Good news everyone, I’m not going to be homeless in two weeks time! I’ve found a flat with my good friend that’s a stone’s throw from Uni, and if everything goes to plan this week, I should have keys by Friday.
Other good news is that the mathematical modelling of my novel data is going well. I will have a decent poster in time for the International Systems Biology Conference in Copenhagen in early September, which is fantastic all on it’s own, but even better is that I get to visit Copenhagen! Prior to June this year, my travelling experience consisted of three trips to Germany, several to northern France and one to Amsterdam (ruined by my catching Swine ‘Flu, I kid you not). The only time I’d ever flown was London to Glasgow for a weekend when I was seventeen. This year however, I completed a skydive, flew to the Algarve, Portugal for a week’s holiday and flew to Barcelona for a work trip. I expect Copenhagen will be completely different to anywhere I’ve been before, and it’s a huge conference with over a thousand attendees from the world over, so it should be an experience… What’s your most memorable/disastrous flying trip?
The final thing is to recommend watching the Best Exotic Marigold Hotel. It’s a film about seven English retirees who, for various reasons end up in a Hotel in Jaipur. It’s most definitely not what they were led to expect from the brochure! Judi Dench, Maggie Smith and Bill Nighy all star in it and the rest of the cast are most excellent too. I’d say the film deals with how we cope with change and how we make the best of what we’ve got. Maggie Smith plays Muriel Donnelly, a elderly spinster who needs a hip replacement and happens to be horribly racist, but who has a sad backstory of being in service for all her life before being got rid of by the family she served due to old age. I think hers is a fascinating arc and I’d say she undergoes the most change of all the characters, although I shall say no more in order not to spoil it! Judi Dench, as lead Evelyn Greenslade, has lost her husband to ill health, only to find that he’s squandered their life saving leaving her in so much debt she must sell her home.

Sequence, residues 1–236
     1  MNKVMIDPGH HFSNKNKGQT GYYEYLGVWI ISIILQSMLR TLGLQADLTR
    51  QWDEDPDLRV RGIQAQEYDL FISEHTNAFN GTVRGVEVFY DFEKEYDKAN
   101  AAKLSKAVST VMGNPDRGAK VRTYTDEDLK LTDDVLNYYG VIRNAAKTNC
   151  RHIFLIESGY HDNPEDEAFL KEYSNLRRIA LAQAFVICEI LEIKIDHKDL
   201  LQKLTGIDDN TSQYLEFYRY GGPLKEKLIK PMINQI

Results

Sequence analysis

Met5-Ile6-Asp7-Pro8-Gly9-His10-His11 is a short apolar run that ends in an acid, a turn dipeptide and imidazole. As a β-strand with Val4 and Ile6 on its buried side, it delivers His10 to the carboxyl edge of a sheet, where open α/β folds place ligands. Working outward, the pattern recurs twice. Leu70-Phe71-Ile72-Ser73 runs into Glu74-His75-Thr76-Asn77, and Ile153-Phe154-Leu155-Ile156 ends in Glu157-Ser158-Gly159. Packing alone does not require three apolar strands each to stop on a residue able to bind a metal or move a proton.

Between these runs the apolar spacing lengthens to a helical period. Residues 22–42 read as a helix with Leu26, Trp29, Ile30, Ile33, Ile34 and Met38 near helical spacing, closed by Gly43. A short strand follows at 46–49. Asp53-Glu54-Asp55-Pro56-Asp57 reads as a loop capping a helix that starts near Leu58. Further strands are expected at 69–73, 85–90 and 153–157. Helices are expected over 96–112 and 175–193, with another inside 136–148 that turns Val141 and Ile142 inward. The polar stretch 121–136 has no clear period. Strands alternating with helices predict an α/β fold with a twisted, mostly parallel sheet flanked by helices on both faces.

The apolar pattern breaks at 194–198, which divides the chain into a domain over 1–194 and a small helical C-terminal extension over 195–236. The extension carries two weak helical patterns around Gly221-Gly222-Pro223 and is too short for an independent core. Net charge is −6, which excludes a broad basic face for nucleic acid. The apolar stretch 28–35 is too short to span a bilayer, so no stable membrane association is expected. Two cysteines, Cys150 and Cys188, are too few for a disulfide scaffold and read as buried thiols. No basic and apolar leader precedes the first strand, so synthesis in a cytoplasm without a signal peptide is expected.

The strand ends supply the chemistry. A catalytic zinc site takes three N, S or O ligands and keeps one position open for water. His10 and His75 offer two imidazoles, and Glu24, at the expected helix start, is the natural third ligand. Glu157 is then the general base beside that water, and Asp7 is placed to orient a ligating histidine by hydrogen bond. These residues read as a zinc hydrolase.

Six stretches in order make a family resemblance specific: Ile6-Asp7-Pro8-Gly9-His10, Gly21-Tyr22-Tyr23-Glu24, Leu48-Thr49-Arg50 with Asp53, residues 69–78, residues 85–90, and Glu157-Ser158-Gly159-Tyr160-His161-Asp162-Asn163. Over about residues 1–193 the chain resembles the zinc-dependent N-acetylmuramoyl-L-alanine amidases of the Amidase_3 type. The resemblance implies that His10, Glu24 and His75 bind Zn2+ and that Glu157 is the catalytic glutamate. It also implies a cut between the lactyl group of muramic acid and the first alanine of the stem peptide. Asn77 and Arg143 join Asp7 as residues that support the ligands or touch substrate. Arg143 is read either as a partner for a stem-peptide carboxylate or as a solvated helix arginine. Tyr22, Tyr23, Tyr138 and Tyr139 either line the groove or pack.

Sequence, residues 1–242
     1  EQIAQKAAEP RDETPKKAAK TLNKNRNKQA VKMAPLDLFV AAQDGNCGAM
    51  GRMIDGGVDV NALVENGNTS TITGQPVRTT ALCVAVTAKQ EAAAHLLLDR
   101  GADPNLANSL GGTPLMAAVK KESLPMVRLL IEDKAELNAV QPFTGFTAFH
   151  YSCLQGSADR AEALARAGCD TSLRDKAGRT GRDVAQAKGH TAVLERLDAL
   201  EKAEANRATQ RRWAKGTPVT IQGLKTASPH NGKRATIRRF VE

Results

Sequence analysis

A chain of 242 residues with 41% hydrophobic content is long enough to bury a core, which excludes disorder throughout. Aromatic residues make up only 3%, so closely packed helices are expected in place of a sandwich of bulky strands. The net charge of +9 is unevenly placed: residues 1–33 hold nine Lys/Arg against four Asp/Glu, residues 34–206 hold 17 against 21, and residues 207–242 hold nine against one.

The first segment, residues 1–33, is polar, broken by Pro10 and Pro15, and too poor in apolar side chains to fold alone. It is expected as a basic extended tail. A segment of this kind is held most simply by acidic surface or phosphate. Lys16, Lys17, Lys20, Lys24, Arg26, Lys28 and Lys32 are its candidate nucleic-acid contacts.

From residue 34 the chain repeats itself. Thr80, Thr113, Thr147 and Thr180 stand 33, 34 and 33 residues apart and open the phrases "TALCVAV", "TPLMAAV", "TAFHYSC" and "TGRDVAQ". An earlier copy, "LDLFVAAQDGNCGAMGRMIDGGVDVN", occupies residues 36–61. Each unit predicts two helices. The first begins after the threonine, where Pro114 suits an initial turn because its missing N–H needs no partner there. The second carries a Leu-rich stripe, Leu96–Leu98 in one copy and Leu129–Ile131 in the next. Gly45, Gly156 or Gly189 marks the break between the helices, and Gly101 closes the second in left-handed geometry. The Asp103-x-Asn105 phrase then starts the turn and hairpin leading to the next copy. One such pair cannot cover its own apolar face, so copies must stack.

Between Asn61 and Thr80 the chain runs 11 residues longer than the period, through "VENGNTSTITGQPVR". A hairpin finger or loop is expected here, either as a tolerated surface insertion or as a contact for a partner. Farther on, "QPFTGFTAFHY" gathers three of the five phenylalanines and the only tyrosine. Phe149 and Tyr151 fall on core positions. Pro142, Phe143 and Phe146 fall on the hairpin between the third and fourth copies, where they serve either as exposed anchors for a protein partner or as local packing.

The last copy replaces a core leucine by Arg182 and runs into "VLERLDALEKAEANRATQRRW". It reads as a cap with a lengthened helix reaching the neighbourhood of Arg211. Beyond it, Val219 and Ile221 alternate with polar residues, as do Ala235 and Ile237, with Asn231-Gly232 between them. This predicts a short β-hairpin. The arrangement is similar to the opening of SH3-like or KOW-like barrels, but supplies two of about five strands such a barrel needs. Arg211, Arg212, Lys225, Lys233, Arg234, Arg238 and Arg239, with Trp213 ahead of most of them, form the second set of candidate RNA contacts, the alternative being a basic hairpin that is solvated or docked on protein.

Meanwhile, Tom Wilkinson, as Graham Dashwood, gives a heart-rending performance of a retired judge returning to his childhood home to find his male lover, who was his first and only love. I think it’s absolutely amazing that a film aimed at middle-aged and retirement-age people would put in such a well-thought-out character who happens to be gay. I mean, it’s not so surprising, given that people in their sixties and seventies now were in their teens, twenties and thirties during the sexual revolution of the 60’s, and were fully adults during the emergence of HIV. But, there’s such a reputation of the generation one up from my parents, of being stuck in their ways, being racist, homophobic, anti-immigration, anti-feminist conservatives, that I almost wouldn’t expect it to appeal. On the other hand, there was no clue in the blurb that this would be dealt with in the subject matter, so I hope it maybe nudged some people to reconsider. It also served as a reminder to me, a young twenty-something, not to write off older people. It should certainly serve to remind society that just because someone got old and retired that we shouldn’t just write them off. Loneliness was probably the most important theme theme in the movie, with each of the characters being lonely in their own way for some reason or other, and what made it so good was seeing how each of them responded to it and used it, for better or worse.